A wide array of golf clubs is available for golf enthusiasts, catering both amateurs and professionals. The number of options can be confusing to some, and so here’s a rundown of the basic parts of a golf club and why they matter.
Golf clubs are made up of three components: the grip, the shaft, and the head. The grip is essential to ensuring that the player obtains the right ‘feel’ to their club especially when making a strike. It comes in three designs: wraps, cords, and non-corded. Wraps are the cheapest, and are good in the rain and for people with sweaty hands.
Corded grips are the most expensive, and are made of woven strands, incorporated with rubber. These are known to be ideal for all types of weather, as it can get rid of moisture from the environment and from the player’s hands. However, the material construction of several corded grips can hurt players in the long term. Non-corded grips are slowly keeping up by using grips made out of a special kind of rubber that can deal with moisture while providing a smoother and softer surface, which is kinder to the hands.
The shaft of most golf clubs is made of either steel or graphite. It is an extension of the arms of the player and is therefore highly dependent on the body structure and the type of play that a person has. Graphite is known for its lighter weight and allows for a certain ‘bowing’ during a swing, also called the ‘flex’. The flex also adds to the distance covered by the ball after a hit. Steel, on the other hand is stiffer, and does not flex when swinging, thus making it a better choice for people who are skilled with fast swings. It also tends to vibrate during impact, which may affect players differently as some favor this kind of vibration as an indicator of how efficiently they were able to hit the ball, while others feel uncomfortable with it. Steel shafts are recommended for experienced players who go for power and faster swings.
Because of its lighter weight and more player-friendly nature, graphite shafts are commonly recommended to women, beginners, people with joint problems or other handicaps, and people who would prefer slow swings with longer distances. Graphite shafts weigh half of most steel shafts, and are able to reduce the impact felt by the player with every swing. It is gaining more popularity in the recent years, as more developments for graphite shafts are now being made to cater for longer distances, though the extent of control is not yet at par with steel.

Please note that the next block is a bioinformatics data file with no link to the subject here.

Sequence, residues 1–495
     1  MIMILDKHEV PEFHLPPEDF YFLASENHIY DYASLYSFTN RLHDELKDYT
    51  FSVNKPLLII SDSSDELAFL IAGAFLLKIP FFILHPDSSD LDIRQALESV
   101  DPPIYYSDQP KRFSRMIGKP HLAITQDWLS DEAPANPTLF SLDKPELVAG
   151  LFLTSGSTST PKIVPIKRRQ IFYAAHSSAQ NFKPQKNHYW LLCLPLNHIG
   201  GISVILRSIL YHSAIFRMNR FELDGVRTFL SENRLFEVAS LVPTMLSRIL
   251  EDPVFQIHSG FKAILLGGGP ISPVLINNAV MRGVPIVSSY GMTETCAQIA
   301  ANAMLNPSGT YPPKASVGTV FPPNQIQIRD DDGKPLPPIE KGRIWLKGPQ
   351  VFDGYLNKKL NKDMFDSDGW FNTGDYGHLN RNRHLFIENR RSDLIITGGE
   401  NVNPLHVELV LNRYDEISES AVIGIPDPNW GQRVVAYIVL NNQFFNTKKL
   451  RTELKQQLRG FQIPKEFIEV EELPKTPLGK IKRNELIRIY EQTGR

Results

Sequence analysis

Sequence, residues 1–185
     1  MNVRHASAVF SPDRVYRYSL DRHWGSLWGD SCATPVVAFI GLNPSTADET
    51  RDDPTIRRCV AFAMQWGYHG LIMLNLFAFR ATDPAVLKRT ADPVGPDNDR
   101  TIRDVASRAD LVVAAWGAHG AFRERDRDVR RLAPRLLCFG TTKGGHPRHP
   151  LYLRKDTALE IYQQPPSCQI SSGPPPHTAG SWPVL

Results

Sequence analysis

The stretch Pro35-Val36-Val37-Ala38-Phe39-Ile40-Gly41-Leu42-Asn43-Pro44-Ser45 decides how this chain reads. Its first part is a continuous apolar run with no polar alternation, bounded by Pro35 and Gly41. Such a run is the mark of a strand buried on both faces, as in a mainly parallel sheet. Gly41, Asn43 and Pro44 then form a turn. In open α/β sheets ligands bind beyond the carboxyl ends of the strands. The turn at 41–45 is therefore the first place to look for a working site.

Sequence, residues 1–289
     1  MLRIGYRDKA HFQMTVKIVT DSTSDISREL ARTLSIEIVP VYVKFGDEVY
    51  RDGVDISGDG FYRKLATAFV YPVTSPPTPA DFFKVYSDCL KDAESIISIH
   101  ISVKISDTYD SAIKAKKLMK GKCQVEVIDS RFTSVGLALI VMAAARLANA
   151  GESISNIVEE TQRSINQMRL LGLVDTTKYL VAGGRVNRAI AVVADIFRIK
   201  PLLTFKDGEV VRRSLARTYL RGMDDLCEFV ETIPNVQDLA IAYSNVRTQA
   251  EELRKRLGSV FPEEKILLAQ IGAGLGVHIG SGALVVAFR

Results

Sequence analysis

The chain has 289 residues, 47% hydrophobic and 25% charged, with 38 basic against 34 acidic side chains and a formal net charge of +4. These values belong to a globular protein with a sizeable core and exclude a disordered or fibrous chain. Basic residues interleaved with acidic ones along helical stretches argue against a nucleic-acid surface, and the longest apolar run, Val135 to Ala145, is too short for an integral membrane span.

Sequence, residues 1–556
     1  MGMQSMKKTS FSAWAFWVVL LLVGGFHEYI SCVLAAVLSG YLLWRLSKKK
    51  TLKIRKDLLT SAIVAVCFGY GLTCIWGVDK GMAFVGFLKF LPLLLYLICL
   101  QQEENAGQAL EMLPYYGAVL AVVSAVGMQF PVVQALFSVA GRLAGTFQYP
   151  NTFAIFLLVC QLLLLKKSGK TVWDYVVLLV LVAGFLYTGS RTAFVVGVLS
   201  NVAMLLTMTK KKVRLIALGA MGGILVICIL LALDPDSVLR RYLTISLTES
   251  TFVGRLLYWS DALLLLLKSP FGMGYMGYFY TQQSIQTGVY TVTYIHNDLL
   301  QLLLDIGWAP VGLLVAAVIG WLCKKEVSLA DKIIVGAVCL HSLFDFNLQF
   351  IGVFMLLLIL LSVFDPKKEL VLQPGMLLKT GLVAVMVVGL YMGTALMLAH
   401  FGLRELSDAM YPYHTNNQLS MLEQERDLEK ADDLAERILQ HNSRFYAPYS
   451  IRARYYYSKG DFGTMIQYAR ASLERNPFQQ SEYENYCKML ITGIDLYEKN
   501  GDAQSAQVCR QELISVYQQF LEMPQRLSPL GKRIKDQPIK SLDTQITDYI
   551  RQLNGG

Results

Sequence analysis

Lastly, club heads are the heaviest part of golf clubs and have the most variety of materials to choose from because this makes direct contact with the ball during the strike. It is commonly made of steel, aluminum, titanium, zirconia, or Ti-alloys. The surface is lined with grooves to impart spin and remove moisture between the club head surface and the ball.
Aluminum is popular for long drives while steel is commonly used for iron heads. Titanium is the most expensive material for club heads because of its strength, durability and light weight. This is normally used for high-end club heads and professional players.
Titanium alloys are also gaining popularity for club heads due to its improved strength. However these cannot be compared to pure titanium club heads as these are really just aluminum club heads that were reinforced with small amounts of titanium. These types of alloys are best suited for beginners and junior golfers.
A balance in weight distribution, size, and style are all needed to come up with the perfect club head, and these all depend on the needs of the player. Together with the grip and the shaft, all these considerations have to be made when choosing the most ideal set of golf clubs.